Fillmore County highway engineer Ronald Gregg presents information regarding the proposal for a half-cent local option sales tax that would fund road repairs and preservation throughout the county. GRETCHEN MENSINK LOVEJOY/BLUFF COUNTRY NEWSPAPER GROUP
Fillmore County highway engineer Ronald Gregg presents information regarding the proposal for a half-cent local option sales tax that would fund road repairs and preservation throughout the county. GRETCHEN MENSINK LOVEJOY/BLUFF COUNTRY NEWSPAPER GROUP

Fillmore County commissioners voted Tuesday, Aug. 26, following a public hearing, to enact a half-cent local option sales tax to help improve an aging road infrastructure in the county.

“There are 472 bridges in Fillmore County – a bridge is defined as anything 10 feet long or larger – and four of those are closed and 61 on the county’s 10-year replacement priority list,” said Fillmore County highway engineer Ronald Gregg, addressing the Fillmore County commissioners during a public hearing to inform the public about the proposed half-cent local option sales tax.

Gregg related that the condition of roadways is measured based on a pavement quality index (PQI) and that the index uses a scale of zero to 4.5, with zero being the worst.  “The current average PQI rating for Fillmore County is 2.7,” he noted. 

Commissioner Randy Dahl inquired, “Which of our roads has the worst rating?”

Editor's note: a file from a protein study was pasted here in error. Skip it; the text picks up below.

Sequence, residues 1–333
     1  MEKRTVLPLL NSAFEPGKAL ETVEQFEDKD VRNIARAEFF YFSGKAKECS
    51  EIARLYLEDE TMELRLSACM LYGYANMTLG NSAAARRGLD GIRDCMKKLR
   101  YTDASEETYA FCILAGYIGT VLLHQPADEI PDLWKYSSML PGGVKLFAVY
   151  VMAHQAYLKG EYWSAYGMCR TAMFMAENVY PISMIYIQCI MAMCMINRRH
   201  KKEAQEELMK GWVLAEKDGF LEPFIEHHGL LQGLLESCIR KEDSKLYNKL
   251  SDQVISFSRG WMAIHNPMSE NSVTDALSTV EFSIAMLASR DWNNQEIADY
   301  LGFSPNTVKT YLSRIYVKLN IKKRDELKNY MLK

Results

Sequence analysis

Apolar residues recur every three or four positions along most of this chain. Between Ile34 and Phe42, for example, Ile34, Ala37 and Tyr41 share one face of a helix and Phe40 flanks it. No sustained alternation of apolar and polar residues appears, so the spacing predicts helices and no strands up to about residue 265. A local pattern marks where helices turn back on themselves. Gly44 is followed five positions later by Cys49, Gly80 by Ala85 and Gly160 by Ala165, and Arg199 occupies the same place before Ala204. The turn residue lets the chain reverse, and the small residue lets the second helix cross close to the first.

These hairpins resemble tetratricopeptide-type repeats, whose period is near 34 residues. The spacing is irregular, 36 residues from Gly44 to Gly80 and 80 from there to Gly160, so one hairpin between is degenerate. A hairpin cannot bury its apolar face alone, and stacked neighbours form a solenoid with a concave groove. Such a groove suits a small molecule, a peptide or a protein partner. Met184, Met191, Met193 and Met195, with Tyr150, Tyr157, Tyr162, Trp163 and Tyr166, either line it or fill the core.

Gregg replied that the worst roads in the county have a 1.5 PQI rating. 

“Current funding is not keeping up with the cost of construction.  Part of that is that state aid has been stagnant, and at this point, the best thing to do is preserve what we have,” he said.  “The local tax levy is not aggressive enough to support the repairs and replacements we need to make.” 

The engineer went on to relate that Fillmore County’s agricultural and commercial traffic has increased stress on already-aging infrastructure, and reiterated that current transportation funding is not keeping up with the cost of construction.  The county-state aid highway system – through which the county receives state funding to maintain certain roads designated as county state aid highways (CSAH) – includes 350 miles within Fillmore County, and the county itself has 131 miles of county roads, or “three-digit roads,” strictly funded with local tax levy dollars.